Haze is Free Radical Design's first big push on next-gen, and a recent demonstration at UbiDays suggests it's got more ideas than most. Having talked about how the game itself is put together in last week's preview, today we're offering up the rest of our chat with David Doak, during which he deals with everything from PlayStation 3 and Halo 3 to making games more emotional.
Eurogamer: Why lead on PlayStation 3?
David Doak: I think there's an opportunity there to create a new brand and push new IP, and basically PS3 looks like a good place to do that. There's obviously the performance - the machine's a very capable machine - and I think we're in terms of development pretty well placed to take advantage of it, because we've got the history on PlayStation 2, so we're not frightened by the things causing people a bit of alarm. That's really it. There's some strategic element to it - it's us saying, well, let's go strong with one console version of it first of all, and we may very well do other versions afterward.
Eurogamer: Are you waiting to see how it does on one platform before making decisions?
David Doak: We're working on development on all platforms. It's just looking at the way to best get the return on the investment of making the game. And part of that is it's a timing thing; late 2007 will be a good time to be coming out on PlayStation 3 and saying here is Free Radical's next-gen game.
Eurogamer: Last year at E3 Rob Yescombe was talking to EGTV and he ripped into the way games were described as emotional roller-coasters. And he pointed out that game have a spectrum of emotion that's effectively "happy, sad and angry", and said that with Haze you'd be wanting to expand on that and embrace the full range of emotion. We've seen some of that. But how do you actually go about bringing out other types of emotions in players? What sort of techniques do you use?
David Doak: There's always the kind of dynamics we're doing with the Nectar going wrong and stuff like that, and showing the deformation to the world. I think one of the strongest that you can do, and we haven't really shown much... well, any of in fact are the cut-scene, kind of script moments in the game - we do a lot of the kind of denial-and-confrontation thing where you see characters and you have a relationship with them and that relationship changes because they do unpredictable things, or they do things that make you feel uncomfortable about being associated with them. So that's one of the strongest story-telling things you can do. And particularly in first-person, it's like saying, 'you're like me; look at me, I'm doing bad things'.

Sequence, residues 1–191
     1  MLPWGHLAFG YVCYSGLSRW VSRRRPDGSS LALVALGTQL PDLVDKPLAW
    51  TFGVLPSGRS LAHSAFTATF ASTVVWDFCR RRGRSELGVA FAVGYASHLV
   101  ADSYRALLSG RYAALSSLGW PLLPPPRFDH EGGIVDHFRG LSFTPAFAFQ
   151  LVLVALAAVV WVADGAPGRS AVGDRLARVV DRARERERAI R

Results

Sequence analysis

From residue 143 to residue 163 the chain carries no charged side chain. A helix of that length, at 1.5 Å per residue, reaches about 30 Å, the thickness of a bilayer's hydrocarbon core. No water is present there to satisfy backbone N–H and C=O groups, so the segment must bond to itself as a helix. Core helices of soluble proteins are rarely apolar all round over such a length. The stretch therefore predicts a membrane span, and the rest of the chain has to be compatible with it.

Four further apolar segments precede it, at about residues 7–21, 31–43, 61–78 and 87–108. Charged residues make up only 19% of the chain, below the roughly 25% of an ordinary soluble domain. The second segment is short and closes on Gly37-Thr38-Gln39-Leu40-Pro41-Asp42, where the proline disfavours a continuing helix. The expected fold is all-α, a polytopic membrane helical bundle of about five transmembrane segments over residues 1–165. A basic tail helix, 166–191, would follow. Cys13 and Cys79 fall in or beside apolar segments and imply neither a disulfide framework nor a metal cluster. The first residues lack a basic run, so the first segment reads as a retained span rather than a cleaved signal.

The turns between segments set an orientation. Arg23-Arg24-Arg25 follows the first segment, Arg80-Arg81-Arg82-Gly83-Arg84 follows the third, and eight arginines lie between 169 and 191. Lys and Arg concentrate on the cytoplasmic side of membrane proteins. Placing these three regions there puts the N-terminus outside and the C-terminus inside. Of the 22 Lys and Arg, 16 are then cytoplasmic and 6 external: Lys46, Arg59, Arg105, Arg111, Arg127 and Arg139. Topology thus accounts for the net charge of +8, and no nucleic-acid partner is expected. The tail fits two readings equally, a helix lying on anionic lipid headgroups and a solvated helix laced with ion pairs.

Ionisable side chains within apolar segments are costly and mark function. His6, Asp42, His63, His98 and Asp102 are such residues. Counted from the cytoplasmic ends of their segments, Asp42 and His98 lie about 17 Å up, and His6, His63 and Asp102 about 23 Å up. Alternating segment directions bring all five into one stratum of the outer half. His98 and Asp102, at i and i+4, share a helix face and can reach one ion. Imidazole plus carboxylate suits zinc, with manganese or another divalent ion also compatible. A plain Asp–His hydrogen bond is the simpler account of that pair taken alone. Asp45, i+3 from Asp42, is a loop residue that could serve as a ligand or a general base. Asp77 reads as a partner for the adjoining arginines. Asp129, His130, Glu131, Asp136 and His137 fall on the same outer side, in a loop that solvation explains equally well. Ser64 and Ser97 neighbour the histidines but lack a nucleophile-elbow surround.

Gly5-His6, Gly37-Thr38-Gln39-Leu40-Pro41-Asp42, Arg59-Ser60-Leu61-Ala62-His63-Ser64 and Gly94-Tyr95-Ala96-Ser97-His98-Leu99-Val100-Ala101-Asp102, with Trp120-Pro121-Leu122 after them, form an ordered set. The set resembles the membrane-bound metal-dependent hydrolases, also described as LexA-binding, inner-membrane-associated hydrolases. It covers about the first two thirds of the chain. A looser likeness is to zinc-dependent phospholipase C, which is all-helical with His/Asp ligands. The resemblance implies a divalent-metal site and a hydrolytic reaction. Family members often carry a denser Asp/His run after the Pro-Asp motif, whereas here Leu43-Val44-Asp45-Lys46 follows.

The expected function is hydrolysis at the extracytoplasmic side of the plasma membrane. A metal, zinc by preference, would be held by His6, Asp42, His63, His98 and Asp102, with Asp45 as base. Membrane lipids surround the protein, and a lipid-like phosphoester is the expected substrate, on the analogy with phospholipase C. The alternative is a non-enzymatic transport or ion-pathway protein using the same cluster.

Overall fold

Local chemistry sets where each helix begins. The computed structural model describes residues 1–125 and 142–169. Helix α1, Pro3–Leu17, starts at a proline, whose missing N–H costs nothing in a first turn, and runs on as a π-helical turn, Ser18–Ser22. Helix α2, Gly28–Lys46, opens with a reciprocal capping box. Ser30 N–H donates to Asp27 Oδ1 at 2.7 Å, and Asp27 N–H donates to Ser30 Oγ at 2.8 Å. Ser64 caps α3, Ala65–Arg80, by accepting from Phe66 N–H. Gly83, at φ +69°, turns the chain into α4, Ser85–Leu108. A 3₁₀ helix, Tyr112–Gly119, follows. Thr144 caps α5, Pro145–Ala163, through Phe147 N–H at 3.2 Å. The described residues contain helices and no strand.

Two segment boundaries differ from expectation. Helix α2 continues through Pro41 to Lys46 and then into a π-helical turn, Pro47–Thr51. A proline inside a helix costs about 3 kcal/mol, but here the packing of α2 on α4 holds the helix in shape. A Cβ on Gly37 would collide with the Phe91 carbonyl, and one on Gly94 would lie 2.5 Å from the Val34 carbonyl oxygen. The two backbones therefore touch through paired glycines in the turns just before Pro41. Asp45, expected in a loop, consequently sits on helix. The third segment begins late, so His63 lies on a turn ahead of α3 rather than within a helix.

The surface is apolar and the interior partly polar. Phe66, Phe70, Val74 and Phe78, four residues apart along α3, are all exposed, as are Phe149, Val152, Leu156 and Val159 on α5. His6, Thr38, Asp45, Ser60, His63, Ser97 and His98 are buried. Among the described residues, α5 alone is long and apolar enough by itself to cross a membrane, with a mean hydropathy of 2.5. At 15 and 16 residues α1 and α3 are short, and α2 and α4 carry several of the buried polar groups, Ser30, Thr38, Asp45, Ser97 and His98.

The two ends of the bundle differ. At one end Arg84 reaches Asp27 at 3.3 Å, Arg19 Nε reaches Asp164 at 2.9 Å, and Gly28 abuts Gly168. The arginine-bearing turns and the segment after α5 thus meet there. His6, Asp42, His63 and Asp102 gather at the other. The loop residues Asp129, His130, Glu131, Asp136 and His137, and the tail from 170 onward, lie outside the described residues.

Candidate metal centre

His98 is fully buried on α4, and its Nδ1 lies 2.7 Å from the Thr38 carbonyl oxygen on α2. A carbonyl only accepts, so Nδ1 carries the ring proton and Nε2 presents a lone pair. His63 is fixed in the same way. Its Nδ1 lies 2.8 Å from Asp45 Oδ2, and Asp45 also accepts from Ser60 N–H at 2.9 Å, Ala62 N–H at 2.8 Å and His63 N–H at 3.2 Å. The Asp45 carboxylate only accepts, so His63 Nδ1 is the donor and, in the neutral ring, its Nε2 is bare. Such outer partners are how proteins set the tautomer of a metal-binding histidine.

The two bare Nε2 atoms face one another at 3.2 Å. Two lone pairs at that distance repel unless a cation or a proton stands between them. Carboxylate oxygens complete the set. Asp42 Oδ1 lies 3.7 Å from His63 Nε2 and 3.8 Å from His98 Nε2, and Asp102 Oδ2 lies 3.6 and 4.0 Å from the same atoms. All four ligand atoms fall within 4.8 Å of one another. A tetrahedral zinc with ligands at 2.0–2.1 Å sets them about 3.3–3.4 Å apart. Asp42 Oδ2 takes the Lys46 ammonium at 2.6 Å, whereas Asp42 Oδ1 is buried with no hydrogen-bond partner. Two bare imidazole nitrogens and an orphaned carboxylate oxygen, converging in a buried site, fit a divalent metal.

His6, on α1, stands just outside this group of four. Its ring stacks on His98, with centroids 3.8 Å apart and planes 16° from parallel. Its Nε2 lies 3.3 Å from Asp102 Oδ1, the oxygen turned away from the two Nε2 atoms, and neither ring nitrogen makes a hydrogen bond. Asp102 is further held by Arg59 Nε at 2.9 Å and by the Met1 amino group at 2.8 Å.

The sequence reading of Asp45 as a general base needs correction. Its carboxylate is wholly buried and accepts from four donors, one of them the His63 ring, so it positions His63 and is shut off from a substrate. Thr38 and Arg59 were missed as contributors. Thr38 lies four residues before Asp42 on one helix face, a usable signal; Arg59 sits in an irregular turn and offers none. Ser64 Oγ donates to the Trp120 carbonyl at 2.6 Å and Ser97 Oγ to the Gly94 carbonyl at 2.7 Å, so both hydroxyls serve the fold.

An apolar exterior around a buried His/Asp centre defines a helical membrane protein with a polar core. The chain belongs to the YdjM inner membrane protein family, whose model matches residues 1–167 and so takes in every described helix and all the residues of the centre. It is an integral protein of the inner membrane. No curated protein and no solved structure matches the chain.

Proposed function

It's a big challenge, and certainly more of a challenge than I thought it was going to be, doing those things in the context of a war-game. Because, you know, who's the murderer in the warzone? It's a hard thing to do, particularly in videogames where life is incredibly cheap. It's an interesting thing to try to actually address the emotions of being a soldier in an environment which is by its very nature sanitised. I think we're going to make some good steps in that direction, and I don't see anyone else trying to do it.
Eurogamer: There's an obvious contrast with, for instance, Brothers In Arms and its mawkish heroism. Have you spoken to the Colonel [John Antal - BIA's military advisor] about that?
David Doak: I've not spoken to the Colonel. I don't really want to pass comment on what those guys are doing, but I don't think they...
Eurogamer: Well, would you almost say that while that's an American kind of war, this is almost a more cynical, British kind of approach?
David Doak: It's not John Wayne. And a lot of videogames are John Wayne. That said, it has to be a game where... everyone's paid their entry money to come and shoot. If halfway through I said, 'no more shooting, now it's a cake decorating game' or something, people would say, 'sorry, your game's broken, because you can't do that'. In a film you can do it, but in a game you can't do it. So in this game you're shooting at the start and shooting at the end. And we have to somehow change your opinion about that as you go through, and make you uncomfortable about it, make you pleased about it, make you upset or whatever.
It's funny, because the videogame industry almost damns itself by just going out and saying, 'hey, we're all generic and boring and we just do the same shooters all over again, and let's make another one,' which is a shame. And then people look at us and say, 'you know, you guys, you've got nothing useful to say about the world, because you're just there beating off in your little box making the same kind of thing'. I'd like to push it. I think with TimeSplitters we were also trying to push it, because we're saying, 'these shooting games - let's not take them too seriously, because it's good fun'. And some people get that and some people don't get that. It's most disappointing, when sometimes in the States people get TimeSplitters and say, 'well why's it so stupid?' Well, it's just trying to be fun.